The Equality and Human Rights Commission is investigating whether public bodies and public transport providers are fulfilling their legal obligations to prevent disabled people from being harassed.  Councils, police forces, schools and other public bodies as well as bus, train companies and other public transport providers found to be failing in their duties could face enforcement action.

Every working day at least one person on average appears in court charged with a crime against a disabled person [1], nearly half of which involve violence.  Evidence already gathered by the Commission [2] suggests that many more incidents of targeted violence or hostility go unreported or are not dealt with properly by social housing bodies, social services teams, crime prevention units, public transport and other public bodies in Britain.  

The Inquiry is examining how victims of disability-related harassment, which includes name-calling, intimidation, bullying or violence, have been supported by public bodies and public transport providers. It is also looking at what prevention measures bodies such as the police, social services, schools, or bus companies have put in place in England, Scotland and Wales.

Members of the public are being asked if they sought help from any public body or transport provider and what support they got, either as a result of being harassed because of their disability or because of their connection to someone who is disabled.  The Commission is working with organisations of and for disabled people or crime victims to help gather evidence.  Public bodies and transport providers are being asked to disclose what steps – if any – they are taking to meet their legal duties.

At the end of the Inquiry, councils, the police, schools, social housing and other public bodies, bus and train companies found not to be doing enough to tackle the problem and to protect the human rights of disabled people could face legal action to force them to comply with their legal obligations.

The Commission has previously written to Hinckley and Bosworth Council asking it to provide evidence it is compliant with its legal duties following the Coroner’s Inquest into the deaths of Fiona Pilkington and her daughter Francecca.

Mike Smith, lead Commissioner for the Inquiry, said:

“Harassment in public places and behind closed doors is an everyday part of life for many disabled people and people with long-term health conditions.  This harassment is intimidating at best and terrifying at worst, and the fear it creates can limit people’s lives and opportunities.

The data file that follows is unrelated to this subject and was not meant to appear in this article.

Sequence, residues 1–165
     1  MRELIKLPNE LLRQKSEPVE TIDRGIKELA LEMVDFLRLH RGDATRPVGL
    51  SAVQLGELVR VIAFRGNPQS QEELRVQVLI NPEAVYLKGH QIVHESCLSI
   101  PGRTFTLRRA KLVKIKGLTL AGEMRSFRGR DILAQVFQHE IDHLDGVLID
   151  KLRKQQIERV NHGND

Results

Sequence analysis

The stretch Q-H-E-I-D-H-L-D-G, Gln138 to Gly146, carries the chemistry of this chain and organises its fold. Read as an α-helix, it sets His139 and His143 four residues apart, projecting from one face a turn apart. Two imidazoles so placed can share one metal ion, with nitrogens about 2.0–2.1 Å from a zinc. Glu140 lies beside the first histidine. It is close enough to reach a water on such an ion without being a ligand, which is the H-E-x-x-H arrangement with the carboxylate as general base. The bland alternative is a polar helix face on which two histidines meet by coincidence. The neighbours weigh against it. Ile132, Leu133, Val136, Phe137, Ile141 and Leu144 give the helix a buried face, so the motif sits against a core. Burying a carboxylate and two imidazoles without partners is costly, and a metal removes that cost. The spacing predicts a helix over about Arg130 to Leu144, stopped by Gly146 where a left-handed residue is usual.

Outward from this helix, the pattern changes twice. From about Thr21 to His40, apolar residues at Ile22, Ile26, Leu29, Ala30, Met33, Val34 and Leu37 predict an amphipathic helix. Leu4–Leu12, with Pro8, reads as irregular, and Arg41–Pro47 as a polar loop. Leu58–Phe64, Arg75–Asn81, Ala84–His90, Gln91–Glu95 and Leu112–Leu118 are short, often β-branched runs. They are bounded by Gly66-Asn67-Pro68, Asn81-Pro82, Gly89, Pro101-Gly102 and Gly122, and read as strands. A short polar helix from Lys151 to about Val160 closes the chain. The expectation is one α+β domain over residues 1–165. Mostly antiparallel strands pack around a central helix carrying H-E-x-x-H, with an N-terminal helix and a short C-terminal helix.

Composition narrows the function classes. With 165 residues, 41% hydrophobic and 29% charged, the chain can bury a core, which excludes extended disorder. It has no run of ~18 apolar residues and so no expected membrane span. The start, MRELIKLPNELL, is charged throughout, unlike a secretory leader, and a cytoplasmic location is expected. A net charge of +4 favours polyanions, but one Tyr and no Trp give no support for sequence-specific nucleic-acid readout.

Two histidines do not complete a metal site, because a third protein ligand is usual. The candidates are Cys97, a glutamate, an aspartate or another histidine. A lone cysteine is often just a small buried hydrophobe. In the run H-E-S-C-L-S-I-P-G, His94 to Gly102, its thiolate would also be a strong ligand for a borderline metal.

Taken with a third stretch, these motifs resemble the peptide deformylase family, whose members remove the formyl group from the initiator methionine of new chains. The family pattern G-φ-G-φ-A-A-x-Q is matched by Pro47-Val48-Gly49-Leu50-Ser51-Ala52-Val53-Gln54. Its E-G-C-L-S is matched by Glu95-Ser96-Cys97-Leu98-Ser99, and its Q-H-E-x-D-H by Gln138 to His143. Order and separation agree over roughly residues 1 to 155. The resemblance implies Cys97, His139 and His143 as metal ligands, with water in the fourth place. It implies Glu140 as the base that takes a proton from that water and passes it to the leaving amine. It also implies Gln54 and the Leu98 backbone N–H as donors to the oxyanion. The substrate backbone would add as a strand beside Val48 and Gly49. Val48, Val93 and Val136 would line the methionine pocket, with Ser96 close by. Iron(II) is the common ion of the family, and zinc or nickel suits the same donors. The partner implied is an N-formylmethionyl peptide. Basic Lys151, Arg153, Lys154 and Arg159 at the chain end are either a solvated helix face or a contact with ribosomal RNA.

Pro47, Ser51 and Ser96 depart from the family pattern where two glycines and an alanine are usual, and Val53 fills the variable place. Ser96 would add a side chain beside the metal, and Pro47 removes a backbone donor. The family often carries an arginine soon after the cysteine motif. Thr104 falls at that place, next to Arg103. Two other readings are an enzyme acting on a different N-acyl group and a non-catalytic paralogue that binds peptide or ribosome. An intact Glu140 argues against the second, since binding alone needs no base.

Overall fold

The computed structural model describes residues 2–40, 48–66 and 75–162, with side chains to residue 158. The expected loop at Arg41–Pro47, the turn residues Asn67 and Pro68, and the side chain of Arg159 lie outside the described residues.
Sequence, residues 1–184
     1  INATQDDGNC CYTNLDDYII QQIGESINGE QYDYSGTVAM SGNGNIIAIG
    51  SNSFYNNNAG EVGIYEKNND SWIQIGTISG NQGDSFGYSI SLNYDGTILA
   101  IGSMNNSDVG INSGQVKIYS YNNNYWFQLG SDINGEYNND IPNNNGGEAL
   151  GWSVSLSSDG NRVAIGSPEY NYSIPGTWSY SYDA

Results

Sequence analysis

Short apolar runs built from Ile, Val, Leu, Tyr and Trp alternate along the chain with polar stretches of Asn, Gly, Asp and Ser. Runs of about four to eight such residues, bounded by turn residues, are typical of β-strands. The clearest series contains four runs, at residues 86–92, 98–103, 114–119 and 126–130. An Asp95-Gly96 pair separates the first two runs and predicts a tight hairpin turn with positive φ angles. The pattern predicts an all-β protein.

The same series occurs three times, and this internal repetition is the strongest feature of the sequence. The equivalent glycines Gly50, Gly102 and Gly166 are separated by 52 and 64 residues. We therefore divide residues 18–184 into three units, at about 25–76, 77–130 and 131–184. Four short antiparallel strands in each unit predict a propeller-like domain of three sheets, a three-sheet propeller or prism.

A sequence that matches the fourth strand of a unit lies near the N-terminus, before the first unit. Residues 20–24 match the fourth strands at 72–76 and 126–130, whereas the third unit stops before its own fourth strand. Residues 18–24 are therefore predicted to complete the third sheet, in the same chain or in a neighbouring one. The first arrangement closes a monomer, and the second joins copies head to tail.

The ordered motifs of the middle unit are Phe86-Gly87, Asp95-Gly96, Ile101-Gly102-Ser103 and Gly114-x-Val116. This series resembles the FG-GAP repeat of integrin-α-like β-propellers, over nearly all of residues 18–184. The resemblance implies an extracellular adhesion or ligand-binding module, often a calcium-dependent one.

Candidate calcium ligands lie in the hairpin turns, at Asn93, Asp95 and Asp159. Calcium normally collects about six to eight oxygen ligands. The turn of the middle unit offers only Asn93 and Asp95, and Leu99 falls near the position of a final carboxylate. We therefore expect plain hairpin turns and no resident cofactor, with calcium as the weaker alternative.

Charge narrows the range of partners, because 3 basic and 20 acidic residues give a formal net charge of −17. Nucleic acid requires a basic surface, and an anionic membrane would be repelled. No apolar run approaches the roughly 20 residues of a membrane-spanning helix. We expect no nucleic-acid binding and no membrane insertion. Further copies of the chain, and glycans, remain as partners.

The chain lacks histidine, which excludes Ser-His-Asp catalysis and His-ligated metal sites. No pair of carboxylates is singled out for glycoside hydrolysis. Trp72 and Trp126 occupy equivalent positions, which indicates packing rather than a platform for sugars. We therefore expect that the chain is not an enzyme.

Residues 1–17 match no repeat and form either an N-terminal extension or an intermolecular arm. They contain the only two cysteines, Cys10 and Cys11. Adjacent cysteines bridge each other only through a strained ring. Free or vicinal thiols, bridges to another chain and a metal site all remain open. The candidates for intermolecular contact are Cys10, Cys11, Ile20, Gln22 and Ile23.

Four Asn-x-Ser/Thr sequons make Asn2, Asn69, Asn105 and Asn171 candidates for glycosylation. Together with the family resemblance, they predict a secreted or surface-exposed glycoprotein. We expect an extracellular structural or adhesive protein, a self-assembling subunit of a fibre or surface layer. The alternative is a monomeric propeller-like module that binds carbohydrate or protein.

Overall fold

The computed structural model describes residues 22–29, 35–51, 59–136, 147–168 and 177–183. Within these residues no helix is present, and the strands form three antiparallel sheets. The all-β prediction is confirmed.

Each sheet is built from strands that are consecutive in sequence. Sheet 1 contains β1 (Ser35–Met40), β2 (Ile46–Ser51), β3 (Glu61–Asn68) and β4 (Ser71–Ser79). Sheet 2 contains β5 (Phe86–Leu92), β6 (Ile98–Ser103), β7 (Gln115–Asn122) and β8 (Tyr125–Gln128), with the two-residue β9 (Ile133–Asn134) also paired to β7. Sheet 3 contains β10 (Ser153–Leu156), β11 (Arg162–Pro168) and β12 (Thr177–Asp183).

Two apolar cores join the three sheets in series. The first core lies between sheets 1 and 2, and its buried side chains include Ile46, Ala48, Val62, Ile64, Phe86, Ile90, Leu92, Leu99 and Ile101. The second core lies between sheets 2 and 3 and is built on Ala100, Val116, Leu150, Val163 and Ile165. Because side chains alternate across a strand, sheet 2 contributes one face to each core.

“Media reports of the appalling treatment of disabled people at the hands of their abusers are horrific reminders of what can ultimately happen when public bodies don’t act or don’t know what to do.

“By highlighting the failures as well as learning from examples of good practice, the Commission’s Inquiry will help public bodies try to ensure that future tragedies are prevented and transform the way that the people of Britain value and respect disabled people.

“We have taken two months to listen to the views of stakeholders and to get their support.  The Inquiry will be all the better for including disabled people in every stage of our investigation.”

Maria Miller, Minister for Disabled People, said:

“I fully support and welcome the Equality and Human Rights Commission’s inquiry on disability harassment.  

“Bullying and harassment can all too often escalate into serious hate crimes against disabled people that we have all heard about. Harassment in any form is totally unacceptable.   Everyone in society has the right to live life in safety and with security. For disabled people and for those people with long term health conditions, safety and security is a right that can’t be taken for granted.

“This is why I would strongly urge disabled people and disabled people’s organisations to become involved: to help inform the inquiry about the types of harassment experienced by disabled people and, to share their examples of positive work being done to tackle disability hate crime.” 

The first wave of evidence will be collected until Friday 10 September 2010.  It can be given directly to the Commission via its website, email and helpline (telephone or textphone).  Evidence can be taken in disabled people’s preferred formats where required.

Thirteen evidence gathering events have already been organised and more are in the pipeline. These will be held around Britain in the next three months and will be publicised locally. Disabled people, organisations of and for disabled people or crime victims will be invited to attend.

The Commission can also use its legal powers to call public bodies to account, either by compelling them to give evidence or by summoning witnesses.  Hearings will be held from September 2010.

More information about the Inquiry and how to give evidence can be found on the Commission’s website at, by sending an email to or by contacting the Commission’s helpline by telephone or textphone: 

England:          Telephone: 08456 046 610                Textphone: 08456 046 620

Scotland:         Telephone: 08456 045 510                Textphone: 08456 045 520

Wales:              Telephone: 08456 048 810                Textphone: 08456 048 820